The action movie, based on the '70s TV series, sees the Angels fighting crime on behalf of their mysterious boss.
It's the second time the brand has been rebooted for the big screen, following a 2000 film (and 2003 sequel) which starred Lucy Liu, Cameron Diaz and Drew Barrymore.
According to Benjamin Lee of The Guardian, this "ramshackle action reboot goes at half throttle".
He gives it three stars, writing: "There's intermittent fun to be had in this throwaway relaunch of the female secret agent franchise but the party is cut short by incoherent action and a clunky script."
The latest reboot is written and directed by Elizabeth Banks, who also guides the trio as the experienced former angel, Bosley.
The movie's theme song, Don't Call Me Angel, is performed by Ariana Grande, Miley Cyrus and Lana Del Rey.
Kenneth Turan of the LA Times suggested the Charlie Angels reboot was "a concept in search of a movie", adding it "does not take flight" (pun intended, presumably).
"Charlie's Angels wants to take the venerable franchise in a new direction," he wrote.
"The goal is exemplary, the execution nothing to write home about."
Variety's Owen Gleiberman said that Stewart - who plays the wild and rebellious Sabina Wilson - "anchors" the movie, which throws up a "divertingly up-to-the-minute fusion of guns and poses".
"Most reboots are meaningless (time to rev that franchise back up!)," he said.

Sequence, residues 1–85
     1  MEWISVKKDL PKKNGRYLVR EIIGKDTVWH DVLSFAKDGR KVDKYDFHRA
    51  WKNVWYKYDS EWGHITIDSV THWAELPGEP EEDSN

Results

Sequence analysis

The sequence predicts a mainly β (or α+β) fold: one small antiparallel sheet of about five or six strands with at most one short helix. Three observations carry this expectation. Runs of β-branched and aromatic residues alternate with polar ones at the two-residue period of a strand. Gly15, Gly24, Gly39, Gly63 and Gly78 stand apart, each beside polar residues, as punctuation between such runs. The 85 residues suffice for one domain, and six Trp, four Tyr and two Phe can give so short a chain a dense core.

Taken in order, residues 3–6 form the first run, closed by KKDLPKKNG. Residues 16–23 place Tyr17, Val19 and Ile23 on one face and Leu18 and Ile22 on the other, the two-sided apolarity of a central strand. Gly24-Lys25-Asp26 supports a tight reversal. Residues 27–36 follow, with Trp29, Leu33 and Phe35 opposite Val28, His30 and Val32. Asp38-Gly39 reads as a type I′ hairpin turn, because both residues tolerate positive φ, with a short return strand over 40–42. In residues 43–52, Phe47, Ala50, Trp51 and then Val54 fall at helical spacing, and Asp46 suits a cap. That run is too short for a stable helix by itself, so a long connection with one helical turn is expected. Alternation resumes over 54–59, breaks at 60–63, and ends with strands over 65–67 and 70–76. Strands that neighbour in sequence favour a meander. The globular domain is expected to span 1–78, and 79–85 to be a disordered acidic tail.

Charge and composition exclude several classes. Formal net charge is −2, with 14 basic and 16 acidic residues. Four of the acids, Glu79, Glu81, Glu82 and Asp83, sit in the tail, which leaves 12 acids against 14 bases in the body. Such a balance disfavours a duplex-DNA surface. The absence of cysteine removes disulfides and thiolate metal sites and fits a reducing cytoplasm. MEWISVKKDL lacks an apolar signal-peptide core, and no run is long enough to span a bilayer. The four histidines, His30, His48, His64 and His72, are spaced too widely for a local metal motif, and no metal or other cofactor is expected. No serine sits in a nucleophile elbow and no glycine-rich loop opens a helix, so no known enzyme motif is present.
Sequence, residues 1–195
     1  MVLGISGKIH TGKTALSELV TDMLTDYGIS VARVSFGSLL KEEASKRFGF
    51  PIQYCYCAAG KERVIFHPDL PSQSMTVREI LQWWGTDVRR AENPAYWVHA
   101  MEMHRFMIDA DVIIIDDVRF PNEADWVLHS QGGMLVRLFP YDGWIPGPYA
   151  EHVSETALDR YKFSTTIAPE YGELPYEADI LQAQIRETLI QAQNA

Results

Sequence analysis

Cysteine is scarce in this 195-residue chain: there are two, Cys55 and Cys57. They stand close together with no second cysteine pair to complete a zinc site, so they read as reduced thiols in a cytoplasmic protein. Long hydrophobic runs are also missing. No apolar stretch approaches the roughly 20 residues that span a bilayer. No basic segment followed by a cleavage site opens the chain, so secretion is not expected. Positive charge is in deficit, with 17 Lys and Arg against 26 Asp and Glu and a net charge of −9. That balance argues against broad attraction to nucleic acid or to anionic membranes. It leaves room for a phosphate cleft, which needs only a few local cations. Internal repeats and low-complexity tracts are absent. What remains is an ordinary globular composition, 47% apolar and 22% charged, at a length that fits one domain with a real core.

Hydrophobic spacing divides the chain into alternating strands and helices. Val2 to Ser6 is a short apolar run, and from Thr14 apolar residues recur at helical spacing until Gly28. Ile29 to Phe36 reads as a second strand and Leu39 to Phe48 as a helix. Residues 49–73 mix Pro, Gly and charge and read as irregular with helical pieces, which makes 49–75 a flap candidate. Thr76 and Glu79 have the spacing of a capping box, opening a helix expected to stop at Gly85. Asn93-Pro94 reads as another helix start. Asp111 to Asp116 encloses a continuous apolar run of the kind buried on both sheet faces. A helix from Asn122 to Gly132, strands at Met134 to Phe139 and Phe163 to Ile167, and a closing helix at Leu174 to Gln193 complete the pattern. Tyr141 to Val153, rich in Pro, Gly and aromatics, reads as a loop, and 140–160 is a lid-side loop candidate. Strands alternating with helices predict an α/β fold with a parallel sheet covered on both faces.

"But the new Charlie's Angels, whether it turns out to be a glittering hit or the latest expensive package to get tossed by the audience onto the trash heap of franchise fatigue, feels like a generational rite of passage."
IndieWire's David Ehrlich suggested it confirms Stewart's place as a new "comedy icon". Their writer David Ehrlich called it a "hilarious" and "kick-ass reboot".
The new movie also features appearances Djimon Hounsou, Noah Centineo, Sam Claflin and Sir Patrick Stewart.
The last edition of the film series - 2003 sequel Charlie's Angels: Full Throttle, which also starred Diaz, Liu and Barrymore, received similarly mixed reviews and failed to hit the heights of its predecessor at the box office.
This time around, The Hollywood Reporter's Beandrea July seemed to enjoy the "fresh, feminist spin" on the story, which also highlights environmental issues.
"Banks brings Charlie's Angels into the modern age with flair, all while unapologetically raising a feminist flag, championing female friendships and subtly making a point about the urgency of the ongoing climate crisis."